Can Neutered Cats Still Mate? Here’s What Experts Say





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Robert Taylor

Can Neutered Cats Still Mate? It’s a common question for pet owners.

The answer is No. Neutered cats cannot mate because the surgical procedure removes their reproductive organs, rendering them unable to reproduce.

This article delves into expert perspectives to help you understand if and why these behaviors occur, providing straightforward solutions for any concerning antics.

What is Neutering?

From around 4 months, kittens reach sexual maturity and can breed and produce kittens.

Most people do not have the time or desire to breed from their cat and do not wish to add to the number of unwanted cats and kittens already looking for homes.

Neutering a cat – castration in the male (removal of the testes), and spaying the female (removal of the ovaries and uterus) – prevents not only unwanted pregnancies occurring but also curbs unwanted behavioral patterns associated with sexual maturity and reduces the risk of certain diseases.

Why Can’t Neutered Cats Mate?

Neutered cats cannot mate because they have lost the ability to produce sperm cells. The testicles make sperm cells.

By neutering, the testicles are removed, so a neutered cat cannot make kittens, but it still can have intercourse.

Even after being neutered, male cats may still attempt to mate with female cats in heat because of the presence of residual hormones or the scent of the female.

However, as sex hormone levels decrease, the cat’s sexual urge should gradually diminish in the weeks after surgery.

Misinterpreted Sexual Behaviors in Neutered Cats

Mounting behavior in neutered cats is often misunderstood as a display of sexual desire. Still, experts explain that it’s usually a result of social interaction, stress, or learned behaviors from previous mating experiences.

Mounting Behavior Can Still Occur But is not Sexual

Did you know that cats use mounting behavior to establish their social ranking? It’s interesting to note that cats reach social maturity between the ages of 2 to 4 years.

Before that, they may get along famously, and then suddenly the cats’ social ranking starts to matter.

If you notice your male cat constantly stalking, mounting, or chasing your other cat away from vital resources, it clearly indicates territorial problems or aggressive behavior.

Social Interaction and Stress Can Contribute to Mounting

Cats are highly sensitive creatures, and external factors can influence their behaviors.

When faced with stressful situations or seeking attention, cats may resort to mounting to establish dominance or release pent-up energy. Social interactions within multi-cat households or interactions with humans can trigger mounting behaviors.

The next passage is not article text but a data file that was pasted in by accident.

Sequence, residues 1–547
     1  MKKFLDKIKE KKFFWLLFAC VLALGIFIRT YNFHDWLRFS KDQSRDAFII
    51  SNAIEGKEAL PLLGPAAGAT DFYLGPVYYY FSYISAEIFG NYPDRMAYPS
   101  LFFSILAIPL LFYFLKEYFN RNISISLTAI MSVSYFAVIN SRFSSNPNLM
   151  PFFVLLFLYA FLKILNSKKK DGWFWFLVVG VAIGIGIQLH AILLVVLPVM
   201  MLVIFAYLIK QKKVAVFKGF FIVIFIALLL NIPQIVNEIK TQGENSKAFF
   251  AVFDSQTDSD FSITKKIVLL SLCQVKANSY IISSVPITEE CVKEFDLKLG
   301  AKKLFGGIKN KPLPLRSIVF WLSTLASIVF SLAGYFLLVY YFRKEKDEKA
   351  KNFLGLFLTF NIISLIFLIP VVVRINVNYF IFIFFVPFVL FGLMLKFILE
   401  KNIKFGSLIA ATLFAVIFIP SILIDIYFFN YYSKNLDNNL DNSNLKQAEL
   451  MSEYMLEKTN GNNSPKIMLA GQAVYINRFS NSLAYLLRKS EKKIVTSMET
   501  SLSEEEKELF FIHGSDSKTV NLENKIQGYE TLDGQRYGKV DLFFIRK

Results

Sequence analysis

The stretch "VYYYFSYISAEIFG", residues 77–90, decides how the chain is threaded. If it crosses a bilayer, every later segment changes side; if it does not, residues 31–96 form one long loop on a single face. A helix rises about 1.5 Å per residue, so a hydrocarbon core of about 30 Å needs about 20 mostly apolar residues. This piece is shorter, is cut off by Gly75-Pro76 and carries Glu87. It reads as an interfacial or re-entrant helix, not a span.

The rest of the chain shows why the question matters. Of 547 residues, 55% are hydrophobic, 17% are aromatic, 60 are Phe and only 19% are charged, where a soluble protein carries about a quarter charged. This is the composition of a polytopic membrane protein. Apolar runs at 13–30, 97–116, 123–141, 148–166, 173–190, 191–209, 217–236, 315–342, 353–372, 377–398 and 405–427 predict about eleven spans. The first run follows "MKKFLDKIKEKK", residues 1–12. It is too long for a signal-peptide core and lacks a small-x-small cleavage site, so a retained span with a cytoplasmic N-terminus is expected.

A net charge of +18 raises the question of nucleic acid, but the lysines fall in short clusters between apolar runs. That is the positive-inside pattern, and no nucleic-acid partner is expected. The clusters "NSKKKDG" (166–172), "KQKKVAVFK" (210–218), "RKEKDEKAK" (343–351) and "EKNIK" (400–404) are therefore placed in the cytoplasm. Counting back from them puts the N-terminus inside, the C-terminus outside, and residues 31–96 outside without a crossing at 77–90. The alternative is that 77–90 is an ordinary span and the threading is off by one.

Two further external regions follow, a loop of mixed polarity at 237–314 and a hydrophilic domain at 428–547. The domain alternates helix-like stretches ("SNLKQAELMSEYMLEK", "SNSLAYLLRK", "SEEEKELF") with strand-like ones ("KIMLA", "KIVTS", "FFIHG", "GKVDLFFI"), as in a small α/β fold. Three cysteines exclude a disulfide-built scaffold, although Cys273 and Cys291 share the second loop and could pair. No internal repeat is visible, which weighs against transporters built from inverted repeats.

Learned Behaviors From Previous Mating Experiences

Neutered cats may still exhibit behaviors that resemble mating, and one reason for this is learned behavior from previous experiences. Some male cats may attempt to mount females even after being neutered due to ingrained habits from their pre-neutering days.

This could result from past successful mating attempts or the presence of intact females in the household. While these behaviors are not driven by sexual desire or reproductive intent, they can still be disconcerting for cat owners.

What to Do If Your Neutered Cat Displays Sexual Behavior

If your neutered cat displays sexual behavior, you should consult a veterinarian or cat behavior expert to address any underlying issues and provide the appropriate guidance.

Following the exam, your veterinarian may suggest conducting lab tests to assess hormone levels and other metabolic functions, mainly if your cat is female. The next course of action will be determined based on the results of these tests.

Providing outlets for play and stimulation can help redirect their energy while considering spaying or neutering any remaining intact cats in the household can reduce potential triggers.

Ensuring your cat’s safe and stress-free environment is crucial for their well-being.


In conclusion, experts agree that neutered cats cannot mate. The removal of their reproductive organs and the reduction in hormonal changes significantly decrease sexual behaviors.

Providing appropriate outlets for play and stimulation, spaying or neutering remaining intact cats in the household, and ensuring a safe environment will help maintain a happy and healthy neutered cat.

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Robert Taylor

I love cats, I have more than 10 years of experience in raising cats. I want to share with everyone useful knowledge about cats.

Robert Taylor